Thu, September 30, 2010
Business > Economy

Chinese gov't gears up for cooling housing market

2010-09-30 13:21:48 GMT2010-09-30 21:21:48 (Beijing Time)  Xinhua English

BEIJING, Sept. 30 (Xinhua) -- Experts said Thursday that the latest measures taken by the Chinese government to cool the property market would produce tangible results, and stricter policies were expected.

"The new policies represent the government's tougher stance in curbing excessive housing price rises," said Wang Jun, a researcher with the China Center for International Economic Exchanges (CCIEE), a government think tank set up under the National Development and Reform Commission (NDRC).

These new measures are part of a concerted campaign involving eight ministries and include providing more support for builders and owners of low-income housing while holding provincial governments accountable for failing to contain home price inflation and providing affordable housing to the poor.

Wang said the timing of announcing these measures was an indication that the central government had decided to redouble its efforts in response to the signs of a rebounding housing market, as seen in recent weeks.

Earlier this month, official statistics showed that property prices in China's 70 major cities rose 9.3 percent in August, year-on-year, but were unchanged from those of July, which also did not decline from June.

As housing prices in major cities were soaring beyond the reach of ordinary earners, the government in April introduced an array of policies, including higher down payments and an end to mortgage discounts, to dampen speculative demand, and issued orders urging local governments to build more affordable housing in a bid to increase the supply for low-income people.

"To some extent, these policies have helped in boosting the supply of affordable homes and curbing the speculative demand, but the effects have been limited due to weak enforcement by many local governments," said Wang.

Wang pointed to a policy statement jointly issued by the Ministry of Housing and Urban-Rural Development, Ministry of Land and Resources and Ministry of Supervision on Wednesday as an effective measure by the central government to force local governments to enforce the policies.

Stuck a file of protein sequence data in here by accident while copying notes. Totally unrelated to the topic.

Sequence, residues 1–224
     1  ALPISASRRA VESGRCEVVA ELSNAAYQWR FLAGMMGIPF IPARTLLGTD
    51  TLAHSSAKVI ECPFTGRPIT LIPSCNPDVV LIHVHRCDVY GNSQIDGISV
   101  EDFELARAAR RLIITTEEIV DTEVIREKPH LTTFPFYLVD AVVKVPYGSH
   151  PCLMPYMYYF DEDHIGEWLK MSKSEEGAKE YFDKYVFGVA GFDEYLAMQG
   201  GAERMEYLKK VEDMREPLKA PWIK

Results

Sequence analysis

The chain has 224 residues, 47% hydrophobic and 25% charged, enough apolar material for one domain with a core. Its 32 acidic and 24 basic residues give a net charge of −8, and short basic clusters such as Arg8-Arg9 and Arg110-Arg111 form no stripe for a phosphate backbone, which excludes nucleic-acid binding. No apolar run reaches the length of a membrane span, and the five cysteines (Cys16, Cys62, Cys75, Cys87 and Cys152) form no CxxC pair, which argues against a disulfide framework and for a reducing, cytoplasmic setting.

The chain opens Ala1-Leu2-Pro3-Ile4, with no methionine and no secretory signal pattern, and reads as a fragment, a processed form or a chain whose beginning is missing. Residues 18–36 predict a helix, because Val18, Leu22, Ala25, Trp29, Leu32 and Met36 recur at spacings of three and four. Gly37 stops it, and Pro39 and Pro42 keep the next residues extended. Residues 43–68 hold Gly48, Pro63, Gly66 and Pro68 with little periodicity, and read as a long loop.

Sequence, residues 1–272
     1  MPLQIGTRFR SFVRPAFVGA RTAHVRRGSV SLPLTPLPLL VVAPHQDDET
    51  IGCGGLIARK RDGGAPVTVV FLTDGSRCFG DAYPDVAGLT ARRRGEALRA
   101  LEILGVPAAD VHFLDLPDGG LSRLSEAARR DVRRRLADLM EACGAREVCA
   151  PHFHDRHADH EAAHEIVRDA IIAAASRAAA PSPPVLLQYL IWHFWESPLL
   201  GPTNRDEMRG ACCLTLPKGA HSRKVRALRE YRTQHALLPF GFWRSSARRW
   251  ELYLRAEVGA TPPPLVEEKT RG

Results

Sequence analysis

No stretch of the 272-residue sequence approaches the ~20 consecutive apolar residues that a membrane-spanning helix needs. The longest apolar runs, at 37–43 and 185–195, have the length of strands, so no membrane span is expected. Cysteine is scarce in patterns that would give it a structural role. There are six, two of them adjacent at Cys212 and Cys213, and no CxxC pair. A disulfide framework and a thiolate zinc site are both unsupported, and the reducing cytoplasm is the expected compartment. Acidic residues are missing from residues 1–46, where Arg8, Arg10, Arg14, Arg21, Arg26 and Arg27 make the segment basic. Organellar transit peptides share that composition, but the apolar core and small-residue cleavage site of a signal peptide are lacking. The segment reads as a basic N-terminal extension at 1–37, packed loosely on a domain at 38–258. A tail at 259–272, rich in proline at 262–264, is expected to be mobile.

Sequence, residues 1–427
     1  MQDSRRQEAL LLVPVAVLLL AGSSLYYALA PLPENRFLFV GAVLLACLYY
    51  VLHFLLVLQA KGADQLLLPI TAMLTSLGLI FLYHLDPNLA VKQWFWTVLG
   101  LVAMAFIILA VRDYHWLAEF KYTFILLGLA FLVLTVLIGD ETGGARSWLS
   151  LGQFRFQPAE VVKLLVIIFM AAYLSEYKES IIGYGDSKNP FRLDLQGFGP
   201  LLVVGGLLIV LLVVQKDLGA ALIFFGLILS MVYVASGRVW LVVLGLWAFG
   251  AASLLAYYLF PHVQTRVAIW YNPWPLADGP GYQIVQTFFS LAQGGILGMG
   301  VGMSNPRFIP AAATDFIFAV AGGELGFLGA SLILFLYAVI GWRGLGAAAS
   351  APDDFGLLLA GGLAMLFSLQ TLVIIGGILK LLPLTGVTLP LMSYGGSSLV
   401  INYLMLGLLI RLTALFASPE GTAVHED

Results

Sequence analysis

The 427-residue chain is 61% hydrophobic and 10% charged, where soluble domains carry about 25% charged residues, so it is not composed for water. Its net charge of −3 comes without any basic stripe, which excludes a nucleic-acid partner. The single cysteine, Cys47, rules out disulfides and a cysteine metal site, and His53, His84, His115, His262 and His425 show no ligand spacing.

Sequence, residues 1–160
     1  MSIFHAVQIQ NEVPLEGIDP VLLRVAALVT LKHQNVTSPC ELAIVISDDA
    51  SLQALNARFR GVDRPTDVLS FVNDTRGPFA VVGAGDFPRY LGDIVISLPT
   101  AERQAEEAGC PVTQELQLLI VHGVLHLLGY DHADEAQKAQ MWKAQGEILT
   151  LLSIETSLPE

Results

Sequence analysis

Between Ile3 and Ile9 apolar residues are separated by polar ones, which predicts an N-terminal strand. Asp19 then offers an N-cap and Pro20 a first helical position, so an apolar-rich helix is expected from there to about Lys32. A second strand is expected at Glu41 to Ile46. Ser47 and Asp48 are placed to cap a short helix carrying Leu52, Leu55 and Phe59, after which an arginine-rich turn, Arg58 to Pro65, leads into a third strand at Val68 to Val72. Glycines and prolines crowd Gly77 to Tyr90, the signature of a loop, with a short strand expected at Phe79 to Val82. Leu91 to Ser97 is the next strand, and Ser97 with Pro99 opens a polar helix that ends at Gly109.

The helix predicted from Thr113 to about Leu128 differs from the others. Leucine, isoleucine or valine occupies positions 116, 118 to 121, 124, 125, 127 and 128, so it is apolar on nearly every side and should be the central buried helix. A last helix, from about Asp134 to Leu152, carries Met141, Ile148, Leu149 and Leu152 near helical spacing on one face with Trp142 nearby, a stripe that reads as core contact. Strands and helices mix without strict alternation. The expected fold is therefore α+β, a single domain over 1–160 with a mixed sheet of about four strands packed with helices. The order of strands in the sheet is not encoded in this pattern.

"Provincial governments would have to take responsibility if they fail to curb home price rises and provide more affordable housing," the statement said.

Providing more affordable homes was a key move in cooling down the property market as they sought to reduce the prices of commercial housing and meet the demand of low-income people, said Wang.

"The central government had set a quantitative goal for each provincial government to build affordable houses, but a majority of provinces fell far short of reaching these goals because they would rather sell the land to commercial developers for handsome profits," he said.

Yi Xianrong, a researcher with the Institute of Finance and banking of the Chinese Academy of Social Sciences, also expects this measure to exert effects. "The accountability system would serve as an alarm bell for local governments who have been lukewarm towards building low-income homes," he said.

The accountability system came one day after the government adopted a preferential policy for low-income home builders and buyers.

On Tuesday, China's state tax office and finance ministry said they would exempt a segment of the low-income housing sector from taxes in a drive to boost the supply of affordable housing.

Specifically, builders and owners of "public rent homes" would be exempt from the land use tax, stamp tax, deed tax and value-added tax for the next three years.

On the demand side, the central bank and the banking regulator announced, in a statement on Wednesday, that they had taken further steps to cool the speculative demands, ordering banks not to provide loans for third home purchases and above.

The statement also said that down payments on all home purchases would now have to be at least 30 percent.

"There are a lot of people in the market who believe that home prices would never fall, and even if that happens, the government would come to rescue. These new measures showed this expectation to be wrong," Yi said.

Both Yi and Wang expected more and stricter policies would be employed by the central government to cool down the property marker, including the long-awaited expansion of the property tax from some cities to the whole of China.

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